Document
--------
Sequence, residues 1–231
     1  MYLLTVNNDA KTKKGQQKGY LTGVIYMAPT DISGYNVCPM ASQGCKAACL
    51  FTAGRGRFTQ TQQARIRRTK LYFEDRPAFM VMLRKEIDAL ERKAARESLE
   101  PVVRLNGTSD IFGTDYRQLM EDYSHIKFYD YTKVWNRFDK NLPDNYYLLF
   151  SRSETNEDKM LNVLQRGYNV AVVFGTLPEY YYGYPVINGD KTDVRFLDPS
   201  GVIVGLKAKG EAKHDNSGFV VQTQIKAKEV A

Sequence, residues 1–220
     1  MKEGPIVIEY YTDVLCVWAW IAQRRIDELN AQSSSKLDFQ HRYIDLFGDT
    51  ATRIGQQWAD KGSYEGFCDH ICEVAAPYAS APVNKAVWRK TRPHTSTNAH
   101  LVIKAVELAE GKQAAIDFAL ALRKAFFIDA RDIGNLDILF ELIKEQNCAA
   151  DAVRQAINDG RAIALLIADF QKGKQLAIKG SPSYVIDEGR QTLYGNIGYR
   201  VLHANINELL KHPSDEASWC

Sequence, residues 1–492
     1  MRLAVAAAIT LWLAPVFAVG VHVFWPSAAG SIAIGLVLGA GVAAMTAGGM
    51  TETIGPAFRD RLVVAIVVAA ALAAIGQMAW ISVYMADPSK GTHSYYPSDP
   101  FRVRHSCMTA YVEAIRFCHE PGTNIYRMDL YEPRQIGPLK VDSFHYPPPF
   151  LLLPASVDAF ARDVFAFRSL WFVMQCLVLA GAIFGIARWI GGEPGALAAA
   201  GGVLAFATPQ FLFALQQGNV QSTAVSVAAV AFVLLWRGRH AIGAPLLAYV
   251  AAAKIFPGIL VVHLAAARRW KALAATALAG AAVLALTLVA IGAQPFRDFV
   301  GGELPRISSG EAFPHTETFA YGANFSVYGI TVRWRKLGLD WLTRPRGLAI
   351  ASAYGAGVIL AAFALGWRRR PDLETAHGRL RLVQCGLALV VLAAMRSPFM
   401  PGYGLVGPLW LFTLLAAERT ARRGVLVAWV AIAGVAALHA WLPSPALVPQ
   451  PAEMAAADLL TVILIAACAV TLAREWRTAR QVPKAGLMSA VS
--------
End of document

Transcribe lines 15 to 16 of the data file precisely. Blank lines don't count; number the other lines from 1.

    51  TETIGPAFRD RLVVAIVVAA ALAAIGQMAW ISVYMADPSK GTHSYYPSDP
   101  FRVRHSCMTA YVEAIRFCHE PGTNIYRMDL YEPRQIGPLK VDSFHYPPPF